A clinic offering vital services to the visually impaired has been offered a lifeline. 

The Low Vision Clinic at Montague House, Brighton, was stripped of its funding by the Brighton and Hove Clinical Commissioning Group (CCG). 

The decision by the CCG, which is responsible for commissioning health and care services in the city, put the service in a precarious position.

The clinic provides optical aids for some 400 visually impaired people each year.

Its future has now been secured for another year after Brighton and Hove City Council, whose adult social care department runs the service, stepped in. 

A council spokeman said: “Brighton and Hove City Council can confirm that it has been able to resource a Low Vision Clinic service in 2018/19. 

“This decision has been taken in response to the withdrawal of funding for Brighton and Hove’s Low Vision Clinic by our Clinical Commissioning Group partners. 

“The council will continue to negotiate with our CCG and third sector partners in finding a long-term solution to funding this valuable and needed provision.”

Daniel Brookbank, East Sussex Association of Blind and Partially Sighted People chief executive, said people from outside Brighton and Hove who use the centre would be affected.

He said: “We have had meetings with adult social care and the CCG to talk about it and our members have been saying they are worried this service is going. 

“The city council’s adult social care are picking up the costs for another year, but there are people who come in from outside Brighton, like Lewes, who will be affected.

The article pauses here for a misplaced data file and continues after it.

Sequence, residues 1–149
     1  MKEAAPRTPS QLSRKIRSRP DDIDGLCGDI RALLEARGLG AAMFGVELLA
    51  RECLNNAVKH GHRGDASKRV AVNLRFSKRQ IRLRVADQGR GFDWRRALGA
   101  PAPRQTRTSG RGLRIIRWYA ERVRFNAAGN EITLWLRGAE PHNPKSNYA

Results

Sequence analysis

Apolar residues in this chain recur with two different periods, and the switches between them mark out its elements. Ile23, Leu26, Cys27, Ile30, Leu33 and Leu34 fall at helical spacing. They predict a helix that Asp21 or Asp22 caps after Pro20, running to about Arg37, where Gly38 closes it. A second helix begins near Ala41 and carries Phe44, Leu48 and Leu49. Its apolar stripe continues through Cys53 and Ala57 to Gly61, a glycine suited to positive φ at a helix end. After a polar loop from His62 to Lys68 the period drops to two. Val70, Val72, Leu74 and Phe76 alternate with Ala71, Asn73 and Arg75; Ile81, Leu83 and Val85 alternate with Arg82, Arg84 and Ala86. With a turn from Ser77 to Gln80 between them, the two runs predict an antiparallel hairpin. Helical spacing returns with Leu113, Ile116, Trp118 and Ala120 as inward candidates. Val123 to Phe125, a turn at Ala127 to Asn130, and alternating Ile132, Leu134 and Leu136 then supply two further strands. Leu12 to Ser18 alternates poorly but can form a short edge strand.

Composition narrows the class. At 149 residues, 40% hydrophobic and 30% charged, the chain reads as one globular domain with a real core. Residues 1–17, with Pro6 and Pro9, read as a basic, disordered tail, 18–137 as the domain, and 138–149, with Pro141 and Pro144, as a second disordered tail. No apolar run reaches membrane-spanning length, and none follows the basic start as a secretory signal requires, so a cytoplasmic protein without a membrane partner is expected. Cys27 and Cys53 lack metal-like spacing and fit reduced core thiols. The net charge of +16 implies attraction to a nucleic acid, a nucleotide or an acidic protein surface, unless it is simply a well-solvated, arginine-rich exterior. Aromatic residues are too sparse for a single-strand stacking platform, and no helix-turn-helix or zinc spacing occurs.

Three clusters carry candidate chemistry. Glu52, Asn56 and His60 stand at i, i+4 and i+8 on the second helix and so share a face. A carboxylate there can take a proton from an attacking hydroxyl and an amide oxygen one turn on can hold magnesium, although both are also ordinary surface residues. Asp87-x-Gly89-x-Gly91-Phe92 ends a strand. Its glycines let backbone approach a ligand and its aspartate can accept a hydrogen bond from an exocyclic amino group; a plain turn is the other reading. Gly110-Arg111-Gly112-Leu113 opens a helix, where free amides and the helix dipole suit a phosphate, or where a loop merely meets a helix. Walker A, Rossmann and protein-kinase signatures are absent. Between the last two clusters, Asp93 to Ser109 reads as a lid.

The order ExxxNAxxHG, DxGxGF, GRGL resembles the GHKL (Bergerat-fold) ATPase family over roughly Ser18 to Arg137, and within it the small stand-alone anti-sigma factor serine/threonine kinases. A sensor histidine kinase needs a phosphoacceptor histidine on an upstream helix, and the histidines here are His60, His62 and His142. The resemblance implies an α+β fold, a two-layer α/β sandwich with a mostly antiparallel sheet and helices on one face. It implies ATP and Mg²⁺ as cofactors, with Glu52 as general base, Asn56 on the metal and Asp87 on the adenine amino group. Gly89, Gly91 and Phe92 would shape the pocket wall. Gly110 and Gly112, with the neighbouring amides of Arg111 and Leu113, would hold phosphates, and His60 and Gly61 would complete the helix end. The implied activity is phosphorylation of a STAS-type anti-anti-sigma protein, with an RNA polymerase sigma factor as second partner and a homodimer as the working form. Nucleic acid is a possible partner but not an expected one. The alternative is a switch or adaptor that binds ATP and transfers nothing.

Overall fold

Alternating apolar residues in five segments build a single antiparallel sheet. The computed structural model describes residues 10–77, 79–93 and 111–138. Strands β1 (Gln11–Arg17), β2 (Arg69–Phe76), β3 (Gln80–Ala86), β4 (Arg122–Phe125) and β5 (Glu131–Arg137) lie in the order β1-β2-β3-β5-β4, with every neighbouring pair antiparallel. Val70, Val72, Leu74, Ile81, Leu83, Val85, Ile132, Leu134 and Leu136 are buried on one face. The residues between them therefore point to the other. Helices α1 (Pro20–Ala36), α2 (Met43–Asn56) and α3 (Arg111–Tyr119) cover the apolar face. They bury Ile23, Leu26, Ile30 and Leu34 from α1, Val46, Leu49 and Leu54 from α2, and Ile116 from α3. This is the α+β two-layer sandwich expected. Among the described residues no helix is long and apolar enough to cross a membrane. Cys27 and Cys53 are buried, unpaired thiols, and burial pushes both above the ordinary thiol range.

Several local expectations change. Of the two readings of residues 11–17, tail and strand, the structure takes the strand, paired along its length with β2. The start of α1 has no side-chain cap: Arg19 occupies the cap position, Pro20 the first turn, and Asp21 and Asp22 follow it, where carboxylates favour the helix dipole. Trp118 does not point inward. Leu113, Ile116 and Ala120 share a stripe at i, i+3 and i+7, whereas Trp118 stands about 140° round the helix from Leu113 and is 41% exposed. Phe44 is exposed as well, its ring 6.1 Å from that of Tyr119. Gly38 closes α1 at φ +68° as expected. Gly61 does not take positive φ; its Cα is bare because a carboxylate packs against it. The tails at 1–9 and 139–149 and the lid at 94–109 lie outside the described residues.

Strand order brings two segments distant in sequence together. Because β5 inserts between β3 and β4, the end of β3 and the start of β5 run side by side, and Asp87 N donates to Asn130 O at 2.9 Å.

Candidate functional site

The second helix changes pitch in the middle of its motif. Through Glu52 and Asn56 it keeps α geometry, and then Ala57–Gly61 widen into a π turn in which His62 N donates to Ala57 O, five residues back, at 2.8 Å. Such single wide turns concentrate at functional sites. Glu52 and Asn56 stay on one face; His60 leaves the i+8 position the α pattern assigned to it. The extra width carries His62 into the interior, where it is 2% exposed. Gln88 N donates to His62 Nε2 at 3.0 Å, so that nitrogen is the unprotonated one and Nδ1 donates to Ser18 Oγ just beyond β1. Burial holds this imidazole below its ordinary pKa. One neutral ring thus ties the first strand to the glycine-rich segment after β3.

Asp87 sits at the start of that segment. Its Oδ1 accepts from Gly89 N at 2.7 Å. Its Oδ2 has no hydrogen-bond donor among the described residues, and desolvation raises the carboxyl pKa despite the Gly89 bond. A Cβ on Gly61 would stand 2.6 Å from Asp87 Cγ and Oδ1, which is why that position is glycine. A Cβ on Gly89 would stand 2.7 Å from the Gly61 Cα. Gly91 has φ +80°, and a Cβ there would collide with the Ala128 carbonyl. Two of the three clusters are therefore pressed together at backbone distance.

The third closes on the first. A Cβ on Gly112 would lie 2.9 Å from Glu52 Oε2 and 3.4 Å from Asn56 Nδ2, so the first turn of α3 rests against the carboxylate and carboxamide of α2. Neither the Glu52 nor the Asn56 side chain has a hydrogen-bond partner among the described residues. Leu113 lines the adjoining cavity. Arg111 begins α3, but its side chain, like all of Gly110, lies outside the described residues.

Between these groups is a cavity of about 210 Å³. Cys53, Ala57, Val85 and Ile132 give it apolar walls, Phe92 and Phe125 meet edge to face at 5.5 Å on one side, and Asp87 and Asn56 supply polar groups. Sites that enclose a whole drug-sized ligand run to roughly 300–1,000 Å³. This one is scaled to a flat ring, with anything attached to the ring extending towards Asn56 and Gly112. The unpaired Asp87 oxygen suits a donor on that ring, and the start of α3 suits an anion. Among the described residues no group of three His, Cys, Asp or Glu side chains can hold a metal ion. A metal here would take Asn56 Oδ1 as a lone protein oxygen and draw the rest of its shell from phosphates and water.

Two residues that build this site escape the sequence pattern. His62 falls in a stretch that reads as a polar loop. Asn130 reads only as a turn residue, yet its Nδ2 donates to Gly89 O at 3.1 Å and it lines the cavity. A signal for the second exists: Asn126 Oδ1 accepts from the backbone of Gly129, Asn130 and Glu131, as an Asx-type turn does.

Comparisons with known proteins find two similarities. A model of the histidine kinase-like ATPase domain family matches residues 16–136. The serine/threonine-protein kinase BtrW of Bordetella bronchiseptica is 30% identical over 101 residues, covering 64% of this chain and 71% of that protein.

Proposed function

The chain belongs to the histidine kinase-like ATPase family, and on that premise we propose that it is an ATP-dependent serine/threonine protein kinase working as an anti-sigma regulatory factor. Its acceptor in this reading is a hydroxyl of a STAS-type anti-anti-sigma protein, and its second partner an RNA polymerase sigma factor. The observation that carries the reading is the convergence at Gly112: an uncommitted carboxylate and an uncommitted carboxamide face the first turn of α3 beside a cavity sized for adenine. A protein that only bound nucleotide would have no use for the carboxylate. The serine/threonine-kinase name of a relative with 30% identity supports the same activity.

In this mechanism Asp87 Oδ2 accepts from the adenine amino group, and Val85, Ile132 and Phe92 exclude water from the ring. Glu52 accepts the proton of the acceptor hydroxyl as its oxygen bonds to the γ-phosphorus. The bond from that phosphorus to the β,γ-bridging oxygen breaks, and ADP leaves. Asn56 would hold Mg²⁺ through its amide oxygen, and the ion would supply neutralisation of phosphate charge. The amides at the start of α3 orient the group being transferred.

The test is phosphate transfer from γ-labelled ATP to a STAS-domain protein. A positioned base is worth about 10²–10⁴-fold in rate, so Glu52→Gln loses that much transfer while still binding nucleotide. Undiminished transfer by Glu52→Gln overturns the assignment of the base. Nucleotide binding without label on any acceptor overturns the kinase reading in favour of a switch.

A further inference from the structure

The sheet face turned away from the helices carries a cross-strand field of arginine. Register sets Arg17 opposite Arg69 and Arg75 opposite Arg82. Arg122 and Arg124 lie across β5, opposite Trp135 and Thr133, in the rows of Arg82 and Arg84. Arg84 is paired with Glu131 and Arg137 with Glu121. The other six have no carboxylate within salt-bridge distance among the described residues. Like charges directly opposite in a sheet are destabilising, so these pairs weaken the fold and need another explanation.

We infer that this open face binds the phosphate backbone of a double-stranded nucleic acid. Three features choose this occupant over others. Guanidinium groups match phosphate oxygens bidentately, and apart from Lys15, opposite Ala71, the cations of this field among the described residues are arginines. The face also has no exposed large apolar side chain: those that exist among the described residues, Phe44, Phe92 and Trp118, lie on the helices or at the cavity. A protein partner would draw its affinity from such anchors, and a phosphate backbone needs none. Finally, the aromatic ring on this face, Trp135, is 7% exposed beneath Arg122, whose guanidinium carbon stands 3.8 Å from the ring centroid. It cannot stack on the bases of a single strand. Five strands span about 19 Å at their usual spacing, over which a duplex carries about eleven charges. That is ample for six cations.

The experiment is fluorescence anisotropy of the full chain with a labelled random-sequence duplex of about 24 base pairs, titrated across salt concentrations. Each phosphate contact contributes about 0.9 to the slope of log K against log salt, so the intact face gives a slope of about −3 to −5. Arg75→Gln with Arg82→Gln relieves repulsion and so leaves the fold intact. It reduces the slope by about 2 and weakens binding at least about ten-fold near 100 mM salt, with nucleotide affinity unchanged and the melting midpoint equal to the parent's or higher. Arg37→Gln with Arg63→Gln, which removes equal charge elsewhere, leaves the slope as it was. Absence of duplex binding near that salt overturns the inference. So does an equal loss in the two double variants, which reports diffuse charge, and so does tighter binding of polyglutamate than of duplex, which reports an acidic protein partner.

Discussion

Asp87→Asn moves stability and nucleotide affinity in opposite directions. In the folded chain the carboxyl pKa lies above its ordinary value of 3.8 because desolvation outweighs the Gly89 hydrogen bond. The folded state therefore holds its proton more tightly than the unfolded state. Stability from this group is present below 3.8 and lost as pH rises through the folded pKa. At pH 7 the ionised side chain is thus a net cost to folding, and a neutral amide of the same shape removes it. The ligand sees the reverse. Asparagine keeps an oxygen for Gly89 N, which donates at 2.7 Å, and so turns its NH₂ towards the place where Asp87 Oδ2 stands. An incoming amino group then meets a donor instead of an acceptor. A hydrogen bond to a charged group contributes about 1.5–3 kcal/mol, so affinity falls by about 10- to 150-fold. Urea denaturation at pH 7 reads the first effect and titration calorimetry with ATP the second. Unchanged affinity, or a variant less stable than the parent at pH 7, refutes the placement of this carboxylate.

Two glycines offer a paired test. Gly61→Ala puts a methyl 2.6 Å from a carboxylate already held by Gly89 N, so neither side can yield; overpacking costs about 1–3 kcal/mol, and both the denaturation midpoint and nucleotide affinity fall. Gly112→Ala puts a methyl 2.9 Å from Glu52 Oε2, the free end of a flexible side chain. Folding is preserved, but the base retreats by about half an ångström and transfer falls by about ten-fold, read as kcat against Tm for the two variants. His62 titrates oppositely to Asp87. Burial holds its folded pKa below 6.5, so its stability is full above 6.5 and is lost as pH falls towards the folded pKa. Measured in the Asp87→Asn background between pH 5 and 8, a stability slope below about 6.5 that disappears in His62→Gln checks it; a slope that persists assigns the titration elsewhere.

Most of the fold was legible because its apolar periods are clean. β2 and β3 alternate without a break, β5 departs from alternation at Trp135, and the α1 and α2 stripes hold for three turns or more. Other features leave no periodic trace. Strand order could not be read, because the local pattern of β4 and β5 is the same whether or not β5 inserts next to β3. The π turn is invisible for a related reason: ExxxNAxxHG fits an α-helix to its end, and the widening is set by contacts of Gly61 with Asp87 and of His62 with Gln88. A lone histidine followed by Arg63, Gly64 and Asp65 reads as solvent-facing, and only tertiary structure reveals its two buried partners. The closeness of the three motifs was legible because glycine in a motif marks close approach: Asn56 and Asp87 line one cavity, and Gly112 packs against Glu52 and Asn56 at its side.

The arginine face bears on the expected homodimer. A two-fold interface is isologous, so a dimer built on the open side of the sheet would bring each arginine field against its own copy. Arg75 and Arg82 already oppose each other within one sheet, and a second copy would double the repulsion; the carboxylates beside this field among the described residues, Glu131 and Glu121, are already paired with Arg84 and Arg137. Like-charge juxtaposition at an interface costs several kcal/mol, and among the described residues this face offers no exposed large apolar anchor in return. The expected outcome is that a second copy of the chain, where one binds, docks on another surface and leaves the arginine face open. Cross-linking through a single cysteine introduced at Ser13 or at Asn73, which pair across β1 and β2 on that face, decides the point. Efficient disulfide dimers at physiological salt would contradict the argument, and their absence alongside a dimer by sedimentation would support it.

“The Haywards Heath Low Vision service will also be affected in a big way. It is worrying we simply don’t know what will happen from 2019.”

Brighton Pavilion MP Caroline Lucas has been inundated with emails and letters from concerned constituents.

She said: “I had the opportunity to drop into Montague House, where the Low Vision service is based, and I was impressed by what I saw. The assessments they carry out provide reassurance, emotional support, and positive encouragement, in addition to practical advice about visual aids and support to make independent living easier.

“I’ve written to the CCG to stress my concerns about their decision. I’ve also written to the executive director of health and adult social care at the city council about the impact of the loss of the service.

"Whilst this decision has been made locally, unpalatable commissioning decisions are being made because of the Government’s continued assault on our public services.”

A Brighton and Hove CCG spokesman said: “Following  an in-depth review of the the Low Vision service, we decided to no longer fund the service currently provided in  Brighton and Haywards Heath. CCGs have a responsibility to review the services it commissions regularly to ensure they offer the most effective health (clinical) care, that they represent good value for money and that they do not duplicate other services offered in the City.

“Brighton and Hove City Council have confirmed that it has been able to resource a Low Vision Clinic service in 2018/19 for residents of the City so patients should see minimal changes to the service. We will continue to work closely with the council and third sector partners around a long term solution to funding this service.

“For residents in the Horsham and Mid Sussex and High Weald Lewes havens areas, Low Vision services can be accessed via West Sussex County Council and East Sussex County Council respectively.”